IDEAS home Printed from
MyIDEAS: Login to save this article or follow this journal

Seniority, experience, and wages in the UK

  • Williams, Nicolas

This paper uses BHPS data to investigate the relative importance of seniority and experience in determining male wages in the UK labor market. Using both the Altonji and Shakotko instrumental variable and the Topel two-step estimation approaches, I find that for all male workers, tenure plays a modest role, increasing wages by about 1% each year over the first 10Â years on the job. General labor market experience has a larger role, so that after 30Â years wages have increased by about 60%. Individual and job match heterogeneity are important, and should be carefully modeled when estimating wage equations for the British labor market. These results are remarkably similar to the most recent evidence about these relationships in the US labor market. After extending the standard model to include industry and occupation experience, the estimated impact of job seniority becomes negligible for nonunion workers. Instead, the wages of nonunion workers rise because of the accumulation of general and sector-specific experience. The wages of union workers are still found to increase with job seniority over the first ten years with their employer, suggesting that if seniority matters for wages it is only for union workers.

If you experience problems downloading a file, check if you have the proper application to view it first. In case of further problems read the IDEAS help page. Note that these files are not on the IDEAS site. Please be patient as the files may be large.

File URL:
Download Restriction: Full text for ScienceDirect subscribers only

As the access to this document is restricted, you may want to look for a different version under "Related research" (further below) or search for a different version of it.

Article provided by Elsevier in its journal Labour Economics.

Volume (Year): 16 (2009)
Issue (Month): 3 (June)
Pages: 272-283

in new window

Handle: RePEc:eee:labeco:v:16:y:2009:i:3:p:272-283
Contact details of provider: Web page:

References listed on IDEAS
Please report citation or reference errors to , or , if you are the registered author of the cited work, log in to your RePEc Author Service profile, click on "citations" and make appropriate adjustments.:

as in new window
  1. Alison L. Booth & Marco Francesconi & Carlos Garcia-Serrano, 1999. "Job tenure and job mobility in Britain," Industrial and Labor Relations Review, ILR Review, Cornell University, ILR School, vol. 53(1), pages 43-70, October.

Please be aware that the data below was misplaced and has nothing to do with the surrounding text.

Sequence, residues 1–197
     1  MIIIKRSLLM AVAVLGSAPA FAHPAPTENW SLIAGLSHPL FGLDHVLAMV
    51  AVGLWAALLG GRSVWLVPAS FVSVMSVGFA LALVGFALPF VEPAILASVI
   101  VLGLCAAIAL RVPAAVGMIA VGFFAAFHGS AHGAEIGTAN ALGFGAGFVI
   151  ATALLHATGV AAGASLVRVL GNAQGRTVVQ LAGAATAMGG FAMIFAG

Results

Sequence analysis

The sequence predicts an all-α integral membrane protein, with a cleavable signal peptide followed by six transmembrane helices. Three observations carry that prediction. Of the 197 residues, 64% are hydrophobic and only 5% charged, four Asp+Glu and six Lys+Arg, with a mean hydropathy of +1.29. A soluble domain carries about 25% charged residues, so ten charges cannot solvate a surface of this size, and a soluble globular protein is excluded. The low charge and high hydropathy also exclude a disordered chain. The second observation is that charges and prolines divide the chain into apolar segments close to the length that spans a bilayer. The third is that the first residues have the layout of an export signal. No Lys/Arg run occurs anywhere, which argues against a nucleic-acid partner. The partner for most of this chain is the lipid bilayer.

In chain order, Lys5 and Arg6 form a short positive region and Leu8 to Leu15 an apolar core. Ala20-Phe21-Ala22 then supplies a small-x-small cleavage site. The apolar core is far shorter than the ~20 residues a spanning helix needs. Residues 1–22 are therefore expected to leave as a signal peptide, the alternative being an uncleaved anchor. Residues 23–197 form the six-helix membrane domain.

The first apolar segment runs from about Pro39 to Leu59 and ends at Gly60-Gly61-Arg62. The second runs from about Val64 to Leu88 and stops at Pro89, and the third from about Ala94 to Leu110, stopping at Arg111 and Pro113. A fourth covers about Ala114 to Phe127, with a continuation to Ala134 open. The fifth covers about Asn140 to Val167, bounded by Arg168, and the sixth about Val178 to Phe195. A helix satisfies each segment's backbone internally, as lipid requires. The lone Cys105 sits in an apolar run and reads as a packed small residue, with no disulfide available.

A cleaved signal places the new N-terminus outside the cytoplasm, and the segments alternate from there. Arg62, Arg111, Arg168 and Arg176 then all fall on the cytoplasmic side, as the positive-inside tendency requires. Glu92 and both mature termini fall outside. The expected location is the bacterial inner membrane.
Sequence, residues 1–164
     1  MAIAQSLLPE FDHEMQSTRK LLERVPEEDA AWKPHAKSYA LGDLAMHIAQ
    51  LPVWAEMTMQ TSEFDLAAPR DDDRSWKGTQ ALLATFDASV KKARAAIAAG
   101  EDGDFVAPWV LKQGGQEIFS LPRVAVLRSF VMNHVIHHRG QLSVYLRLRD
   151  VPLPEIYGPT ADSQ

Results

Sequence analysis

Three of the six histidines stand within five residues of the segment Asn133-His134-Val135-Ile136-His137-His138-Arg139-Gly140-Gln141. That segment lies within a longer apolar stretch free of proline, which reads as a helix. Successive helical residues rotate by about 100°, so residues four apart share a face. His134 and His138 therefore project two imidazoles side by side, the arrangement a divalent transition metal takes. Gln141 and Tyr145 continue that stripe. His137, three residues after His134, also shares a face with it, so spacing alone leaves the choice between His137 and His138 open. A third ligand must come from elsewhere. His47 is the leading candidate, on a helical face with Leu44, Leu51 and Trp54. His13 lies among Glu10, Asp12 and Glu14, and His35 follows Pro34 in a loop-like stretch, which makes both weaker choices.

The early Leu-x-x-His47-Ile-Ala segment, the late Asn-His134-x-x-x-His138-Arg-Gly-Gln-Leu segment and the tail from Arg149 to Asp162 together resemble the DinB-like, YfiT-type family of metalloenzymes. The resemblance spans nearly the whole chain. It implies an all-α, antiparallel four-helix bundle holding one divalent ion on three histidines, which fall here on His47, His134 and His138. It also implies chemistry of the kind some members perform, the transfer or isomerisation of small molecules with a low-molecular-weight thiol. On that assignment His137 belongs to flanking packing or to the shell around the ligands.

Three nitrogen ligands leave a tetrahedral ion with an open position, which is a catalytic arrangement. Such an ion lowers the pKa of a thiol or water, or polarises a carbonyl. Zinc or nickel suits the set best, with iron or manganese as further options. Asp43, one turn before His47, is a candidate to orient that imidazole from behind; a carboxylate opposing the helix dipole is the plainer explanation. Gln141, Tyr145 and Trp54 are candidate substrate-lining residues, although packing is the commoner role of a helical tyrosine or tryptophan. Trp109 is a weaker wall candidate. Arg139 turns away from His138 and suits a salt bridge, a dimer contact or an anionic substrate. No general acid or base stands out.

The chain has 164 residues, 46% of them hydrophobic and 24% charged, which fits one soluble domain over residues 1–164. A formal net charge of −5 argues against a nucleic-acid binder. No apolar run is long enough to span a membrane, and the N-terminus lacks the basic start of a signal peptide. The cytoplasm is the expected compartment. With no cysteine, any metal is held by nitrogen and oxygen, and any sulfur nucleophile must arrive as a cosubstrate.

2. Hirsch, Barry, 2003. "What Do Unions Do for Economic Performance?," IZA Discussion Papers 892, Institute for the Study of Labor (IZA).
  3. John M. Barron & Mark C. Berger & Dan A. Black, 1997. "On-the-Job Training," Books from Upjohn Press, W.E. Upjohn Institute for Employment Research, number ojt, April.
  4. John T. Addison & Clive R. Belfield, 2004. "Union Voice," Journal of Labor Research, Transaction Publishers, vol. 25(4), pages 563-596, October.
  5. Joseph Altonji & R. Shakotko, 1985. "Do Wages Rise with Job Seniority?," Working Papers 567, Princeton University, Department of Economics, Industrial Relations Section..
  6. David Margolis, 1996. "Cohort Effects and Returns to Seniority in France," Université Paris1 Panthéon-Sorbonne (Post-Print and Working Papers) halshs-00353897, HAL.
  7. Jovanovic, Boyan, 1979. "Firm-specific Capital and Turnover," Journal of Political Economy, University of Chicago Press, vol. 87(6), pages 1246-60, December.
  8. Hutchens, Robert M, 1989. "Seniority, Wages and Productivity: A Turbulent Decade," Journal of Economic Perspectives, American Economic Association, vol. 3(4), pages 49-64, Fall.
  9. Light, Audrey, 2001. "In-School Work Experience and the Returns to Schooling," Journal of Labor Economics, University of Chicago Press, vol. 19(1), pages 65-93, January.
  10. Alexandros Zangelidis, 2004. "Seniority Profiles In Unionised Workplaces: Do Unions Still Have The Edge?," Royal Economic Society Annual Conference 2004 48, Royal Economic Society.
  11. Theodossiou, I & Williams, H, 1998. "Employer-Provided Training and Tenure-Earnings," Scottish Journal of Political Economy, Scottish Economic Society, vol. 45(3), pages 258-72, August.
  12. Dustmann, Christian & Meghir, Costas, 1999. "Wages, Experience and Seniority," CEPR Discussion Papers 2077, C.E.P.R. Discussion Papers.
  13. Joseph G. Altonji & Nicolas Williams, 1992. "The Effects of Labor Market Experience, Job Seniority, and Job Mobility on Wage Growth," NBER Working Papers 4133, National Bureau of Economic Research, Inc.
  14. Katharine G. Abraham & Henry S. Farber, 1988. "Returns to seniority in union and nonunion jobs: A new look at the evidence," Industrial and Labor Relations Review, ILR Review, Cornell University, ILR School, vol. 42(1), pages 3-19, October.